Warren gave his word that he would make sure everything would be done ethically from now on. He had a great reputation. They trusted him and he saved the bank.

Minimalism

Warren is worth $100 Billion.

He has 15 butlers, takes a drone-taxi to work and eat a $280 Fugu (Puffer fish) for breakfast.

At least thats what I thought before I saw the documentary.

Actually he lives in a house he bought 50 years ago. He drives himself to work. And he get his breakfast at McDonalds every morning.

His company Berkshire Hathaway has a market cap of $430B — And has 25 employees. They have no HR-department, no PR-department.

Warren has optimised his life to do what he loves. He’s famous for being calm when others are panicking over the market.

I don’t think he could be so calm if he was flying around in drone-taxis. Then he would be scared to loose the drone-taxi. Now he’s just calm. And worth $100 billion.

2016: Lessons Learned, Apps Used and Much More

Things I’ve created

Things I’ve learned

  • Web programming – From Zero knowledge to launching my own site.
  • Spanish – From very basic (10 years since I studied) to completing a semester abroad in Buenos Aires with great grades. I took four classes, all in Spanish.
  • Scuba diving – Took a PADI Open Water Diver licence (18 meters depth) on Zanzibar.

Countries I’ve visited

  • Mexico (2 weeks) – Vacation
  • Tanzania + Zanzibar (2 months) – Studies/Vacation
  • Argentina (5 months) – Studies/vacation
  • Uruguay (4 days) – Vacation
  • Brazil (1 day) – Vacation

 

Books I’ve read

Non-fiction

The Brain Audit: Why Customers Buy (And Why They Don’t)
Sean D’Souza

The Choose Yourself Guide To Wealth
James Altucher

Choose Yourself!
James Altucher

Love Yourself Like Your Life Depends On It
Kamal Ravikant

The Magic of Thinking Big
David J Schwartz

Stumbling on Happiness
Daniel Gilbert

The Art Of Learning (Audio)

Extreme Ownership (Audio)

A Guide to the Good Life (Audio)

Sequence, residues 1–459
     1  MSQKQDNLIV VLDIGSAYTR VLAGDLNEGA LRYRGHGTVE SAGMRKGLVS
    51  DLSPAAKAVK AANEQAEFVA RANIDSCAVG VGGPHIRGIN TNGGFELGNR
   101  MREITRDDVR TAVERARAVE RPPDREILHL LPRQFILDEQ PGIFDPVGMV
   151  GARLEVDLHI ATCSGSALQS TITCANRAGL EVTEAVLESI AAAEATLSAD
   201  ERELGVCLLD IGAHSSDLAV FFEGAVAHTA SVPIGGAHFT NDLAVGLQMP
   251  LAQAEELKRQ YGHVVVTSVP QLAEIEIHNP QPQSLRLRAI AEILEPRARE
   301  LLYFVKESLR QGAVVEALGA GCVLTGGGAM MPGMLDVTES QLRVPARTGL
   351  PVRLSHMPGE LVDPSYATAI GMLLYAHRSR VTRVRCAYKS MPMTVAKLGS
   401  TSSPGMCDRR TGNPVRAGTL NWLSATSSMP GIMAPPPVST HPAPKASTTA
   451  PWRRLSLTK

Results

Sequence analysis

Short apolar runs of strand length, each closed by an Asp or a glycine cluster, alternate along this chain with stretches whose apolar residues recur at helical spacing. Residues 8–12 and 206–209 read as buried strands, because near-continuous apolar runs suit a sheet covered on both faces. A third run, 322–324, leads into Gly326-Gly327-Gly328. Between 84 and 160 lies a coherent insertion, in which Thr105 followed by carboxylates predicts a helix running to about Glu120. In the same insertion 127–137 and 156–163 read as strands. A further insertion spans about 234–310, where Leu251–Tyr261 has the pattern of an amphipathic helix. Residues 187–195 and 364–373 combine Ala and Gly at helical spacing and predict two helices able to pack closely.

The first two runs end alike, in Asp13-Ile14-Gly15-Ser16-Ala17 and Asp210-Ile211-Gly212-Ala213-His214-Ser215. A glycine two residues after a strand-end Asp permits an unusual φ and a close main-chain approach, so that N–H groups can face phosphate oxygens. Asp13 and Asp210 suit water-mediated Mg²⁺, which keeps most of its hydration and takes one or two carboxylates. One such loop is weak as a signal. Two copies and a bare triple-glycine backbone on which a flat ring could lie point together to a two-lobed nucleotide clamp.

The Obstacle Is the Way (Audio)

The Power of Habit (Audio)

The 22 Immuntable Laws of Marketing (Audio)

Vagabonding (Audio)

Zero To One (Audio)

The Sell (Audio)

Fiction

The Lies of Locke Lamora (Gentleman Bastards, Book 1)
Scott Lynch

Cat’s Cradle
Kurt Vonnegut

The Wise Man’s Fear (The Kingkiller Chronicle, Book 2)
Patrick Rothfuss

The Name of the Wind (The Kingkiller Chronicle Book 1)
Patrick Rothfuss

Podcasts I’ve listened to

  • The Tim Ferriss Podcast
  • The James Altucher Show
  • Ask Altucher
  • The Three Month Vacation
  • The Filip And Fredrik Podcast
  • Startup

Three Biggest Accomplishments

  • Getting published on thoughtcatalog.com.
  • Starting writing and sharing my work on this blog.
  • Completing one semester of studies 100% in Spanish in Buenos Aires (With a preparation of three weeks of self-studies).

Most Used Apps

  • Evernote – For taking notes, journaling and writing.
  • Spotify – Music.
  • Audible – Audio books.
  • Podcast Addict – Podcasts.
  • AnkiDroid – Memorising words in Spanish and Swahili with spaced repititions.
  • WhatsApp – communication.
  • FitNotes – For logging workouts.
  • Messenger – communication.
  • Calm – Meditation (Just using the timer and calming sounds)
  • SpanishDict (looking up words while offline)
  • Clear Focus – For efficient work.

Random Highlights

Email reply from my hero, Derek Sivers.

Cycling between vineyards in Mendoza, Argentina.

Flying through the streets of downtown Dar Es Salaam in a Dala Dala (small buss) while the driver was cranking up P.O.P – Mambo Vipi.

Celebrating Bob Marley’s birthday on a beach bar on Zanzibar.

Staying in separate two-floor, ocean view, beach houses with my friend on Zanzibar (for $25 a night).

Celebrating a traditional Swedish midsummer.

Surviving an encounter with 3 lionesses at 3 AM on the Serengeti while taking a leak.

Listening to The Life of Pablo by Kanye West while working on a thesis in Entrepreneurship and Computer Science in Dar Es Salaam, Tanzania.

Acting as a “game show host” in front of 35 people in Spanish.

Email reply from my hero, Ryan Holiday.

Going to an underground club in Dar Es Salaam, where the owner became obsessed in convincing me that he actually was the owner and proceeded to treat us the best night out of the year.

Doing weekly homework with kids from the poor neighborhood Villa 1-11-14 in Buenos Aires.

Swimming in a lake in the mountains outside the City of Cordoba in central Argentina.

Eating a kidney (not sure but probably from a pig or a cow).

Eating goat soup for lunch during two weeks without knowing it was goat soup.

Learning about 20 different greetings in Swahili.

Being pointed to and called “Pure Muzungu!” (Pure white person) and “Muzungu!” (white person) by hundreds of people on a market in Dar Es Salaam. My Tanzanian friend Ben later explained that “pure muzungu” was a good thing. “Yes, it’s good. You are very white. A PURE muzungu.”

Having the best tacos of my life in Tulum, Mexico.